Road Trip!

How to make car travel more comfortable for wheelchair users

Article Highlights:
  • Long car trips definitely are possible for people dependent on wheelchairs.
  • Pressure relief and prevention of deep vein thrombosis are the main concerns of prolonged sitting.
  • Find a secure and easy-to-use way to transport the wheelchair and other assistive equipment.
  • Problem-solving and adapting-as-you-go are the name of the game.
by Bethany Broadwell on October 1, 2009 - 3:25pm

QUEST Vol. 16, No. 4

Chinese philosopher Lao Tzu is noted as saying, “A journey of a thousand miles must begin with a single step.” For those of us with neuromuscular disease, we know that step may not literally be a physical movement, but rather a plan of action.

This past year I had the good fortune of going on a road trip with my parents for an extended stay in Florida. Before we left our Traverse City, Mich., home, we realized we had several factors to consider in order for our travels to be smooth and successful.

Since I have type 2 spinal muscular atrophy, our primary questions were:

How are we going to carry my equipment, including my wheelchair, bathroom commode and bedding, in addition to the standard necessities for a more-than-two-month trip?

How many miles could I travel in a day without becoming unbearably uncomfortable?

What could I do on the trip to occupy my mind and help make the time pass quickly?

These concerns, it turns out, are ones that many travelers with muscle disease consider. I learned that through practice and experience, it’s possible to determine the best approach to meet individualized needs.

Explore products for comfort and safety

In the days preceding our journey, we decided we would use our GMC Envoy to tow a Haulmark trailer carrying our load. I am petite enough to fit in an infant seat padded with towels, pillows and an egg crate cushion. 

We purchased a Kurgo Auto Tray Table ( that hooked around the front passenger seat and provided me with a table in the backseat. It worked well because I had just enough ability to move my arms and operate a mini notebook computer while I was riding.

As we progressed on our trip, I gradually determined that 400 miles, with periodic breaks, was a feasible goal for me to cover per day.

Mark Casto, a physical therapist for the Sentara Leigh Therapy Center in Norfolk, Va., recommends people with MD start with short trips, determine their tolerance and add miles as they can tolerate. He suggests, “A two-hour trip with one break would be a good starting point.”

Pressure relief and prevention of deep vein thrombosis (DVT) are the main concerns with prolonged sitting bouts, Casto warns. 

Movement every 15 minutes can help prevent these kinds of issues. Wheelchairs with the tilt feature and adjustable footplates can be useful. Casto says T.E.D. hose, available with a doctor’s prescription, can prevent DVTs or blood clots from forming. These stockings keep pressure on the legs and stop blood from settling.

Neck collars are support devices that may be beneficial for those taking road trips with facioscapulohumeral muscular dystrophy (FSHD) and other forms of neuromuscular disease that cause neck and shoulder weakness, Casto says.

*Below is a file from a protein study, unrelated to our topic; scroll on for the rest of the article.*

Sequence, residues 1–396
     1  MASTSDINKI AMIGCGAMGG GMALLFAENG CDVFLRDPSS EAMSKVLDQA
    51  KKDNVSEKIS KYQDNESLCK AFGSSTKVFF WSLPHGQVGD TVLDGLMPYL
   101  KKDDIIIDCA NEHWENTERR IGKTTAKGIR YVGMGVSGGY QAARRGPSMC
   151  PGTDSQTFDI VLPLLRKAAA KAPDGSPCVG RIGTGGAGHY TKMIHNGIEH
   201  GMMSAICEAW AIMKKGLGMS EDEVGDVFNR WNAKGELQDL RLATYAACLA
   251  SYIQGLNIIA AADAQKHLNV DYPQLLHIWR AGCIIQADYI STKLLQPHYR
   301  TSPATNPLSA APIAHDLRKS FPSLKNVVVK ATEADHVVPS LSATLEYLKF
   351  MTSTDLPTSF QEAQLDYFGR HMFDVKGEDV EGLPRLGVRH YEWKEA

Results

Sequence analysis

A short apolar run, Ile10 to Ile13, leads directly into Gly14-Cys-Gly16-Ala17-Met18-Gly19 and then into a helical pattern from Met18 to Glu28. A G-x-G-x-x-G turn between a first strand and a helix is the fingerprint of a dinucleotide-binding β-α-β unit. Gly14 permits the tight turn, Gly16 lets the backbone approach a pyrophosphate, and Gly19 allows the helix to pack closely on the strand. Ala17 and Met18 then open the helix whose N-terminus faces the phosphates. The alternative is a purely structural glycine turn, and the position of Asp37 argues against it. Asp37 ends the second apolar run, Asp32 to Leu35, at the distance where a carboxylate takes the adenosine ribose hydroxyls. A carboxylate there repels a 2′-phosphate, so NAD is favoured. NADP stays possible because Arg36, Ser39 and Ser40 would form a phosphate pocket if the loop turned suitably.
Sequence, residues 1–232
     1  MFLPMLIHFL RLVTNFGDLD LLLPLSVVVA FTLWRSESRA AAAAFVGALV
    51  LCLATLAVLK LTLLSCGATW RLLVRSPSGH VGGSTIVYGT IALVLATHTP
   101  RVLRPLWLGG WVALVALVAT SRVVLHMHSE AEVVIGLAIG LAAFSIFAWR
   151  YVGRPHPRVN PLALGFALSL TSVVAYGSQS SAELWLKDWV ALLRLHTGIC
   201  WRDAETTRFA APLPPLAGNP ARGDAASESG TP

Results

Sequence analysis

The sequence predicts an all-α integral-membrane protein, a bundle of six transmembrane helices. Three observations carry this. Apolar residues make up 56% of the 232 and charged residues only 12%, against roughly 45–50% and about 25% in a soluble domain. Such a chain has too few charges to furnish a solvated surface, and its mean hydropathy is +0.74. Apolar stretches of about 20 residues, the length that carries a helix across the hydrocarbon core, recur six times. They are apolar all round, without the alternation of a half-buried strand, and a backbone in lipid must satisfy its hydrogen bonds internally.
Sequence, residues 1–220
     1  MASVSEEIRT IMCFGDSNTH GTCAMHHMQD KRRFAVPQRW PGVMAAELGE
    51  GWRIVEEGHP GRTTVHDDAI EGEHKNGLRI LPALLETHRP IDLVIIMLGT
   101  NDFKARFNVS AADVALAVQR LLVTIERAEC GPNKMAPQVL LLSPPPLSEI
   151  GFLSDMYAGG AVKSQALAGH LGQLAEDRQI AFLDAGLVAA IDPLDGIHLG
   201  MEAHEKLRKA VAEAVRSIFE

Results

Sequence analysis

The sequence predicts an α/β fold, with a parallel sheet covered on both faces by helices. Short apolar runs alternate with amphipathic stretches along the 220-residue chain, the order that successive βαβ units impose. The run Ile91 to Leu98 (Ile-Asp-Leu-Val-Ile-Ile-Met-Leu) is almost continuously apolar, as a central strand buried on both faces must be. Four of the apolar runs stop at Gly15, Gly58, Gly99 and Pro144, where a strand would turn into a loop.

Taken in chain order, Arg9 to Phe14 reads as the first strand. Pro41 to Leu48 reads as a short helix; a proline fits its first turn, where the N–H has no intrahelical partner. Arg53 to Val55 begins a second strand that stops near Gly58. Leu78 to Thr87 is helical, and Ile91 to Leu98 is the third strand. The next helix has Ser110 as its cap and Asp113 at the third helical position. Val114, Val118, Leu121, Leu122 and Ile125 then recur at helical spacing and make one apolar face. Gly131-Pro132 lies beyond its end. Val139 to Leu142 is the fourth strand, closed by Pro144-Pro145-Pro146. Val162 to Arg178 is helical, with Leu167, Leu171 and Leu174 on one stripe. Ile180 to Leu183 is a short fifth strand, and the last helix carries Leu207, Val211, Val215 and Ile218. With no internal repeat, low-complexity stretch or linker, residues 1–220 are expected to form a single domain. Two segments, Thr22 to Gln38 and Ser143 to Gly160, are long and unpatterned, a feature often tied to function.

Keep wheelchair in place

A secure means of transporting a wheelchair is, of course, fundamental.

The wheelchair must be secured with straps or device(s) to prevent it from moving, and riders should use proper seat belt systems.

The family's travel rig -- a McEnvoy and Haulmark trailer -- all packed up and ready to hit the road.

We transported my chair in the trailer, which my parents bought for about $2,000. Here was our logic: To make our trip, it would cost $350 to rent a trailer one way. The more trips we take, the closer we get to the total purchase price. By purchasing it, we have our own equipment and something we can sell when we decide we’re finished traveling. It wasn’t necessary to buy a ramp/lift because the trailer’s back door lowers and makes a ramp.

Guidelines about legal standards for transporting wheelchairs can be found by reviewing online resources. The Ride Safe Web site, developed and supported in part by the University of Michigan Health System, offers pointers to ensure safety, including:

•  Always position the wheelchair and rider facing forward in the vehicle.

•  Do not attach tiedowns to adjustable, moving or removable parts of the wheelchair such as armrests, footrests and wheels.

Go to for comprehensive information or call (734) 764-2171 to request a brochure. The National Highway Traffic Safety Administration also maintains an index of links that lead to consumer information, reports and notes pertaining to “Automotive Safety Issues for Persons with Disabilities.” It’s at

To my surprise and delight, our trip went much more smoothly than I expected. I don’t think we intend to make any big changes next year because it went so well. Our main hope is that we all can do it again for several years to come. It takes quite a bit of effort for my parents, and the three of us aren’t getting any younger. 

Be adaptable